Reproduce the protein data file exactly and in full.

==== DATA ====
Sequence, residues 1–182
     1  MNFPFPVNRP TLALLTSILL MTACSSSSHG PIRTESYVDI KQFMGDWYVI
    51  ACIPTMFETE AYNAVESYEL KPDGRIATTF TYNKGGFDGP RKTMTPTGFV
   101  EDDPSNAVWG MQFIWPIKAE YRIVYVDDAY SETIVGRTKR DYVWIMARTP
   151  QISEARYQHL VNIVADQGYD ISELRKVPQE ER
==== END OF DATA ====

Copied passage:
Sequence, residues 1–182
     1  MNFPFPVNRP TLALLTSILL MTACSSSSHG PIRTESYVDI KQFMGDWYVI
    51  ACIPTMFETE AYNAVESYEL KPDGRIATTF TYNKGGFDGP RKTMTPTGFV
   101  EDDPSNAVWG MQFIWPIKAE YRIVYVDDAY SETIVGRTKR DYVWIMARTP
   151  QISEARYQHL VNIVADQGYD ISELRKVPQE ER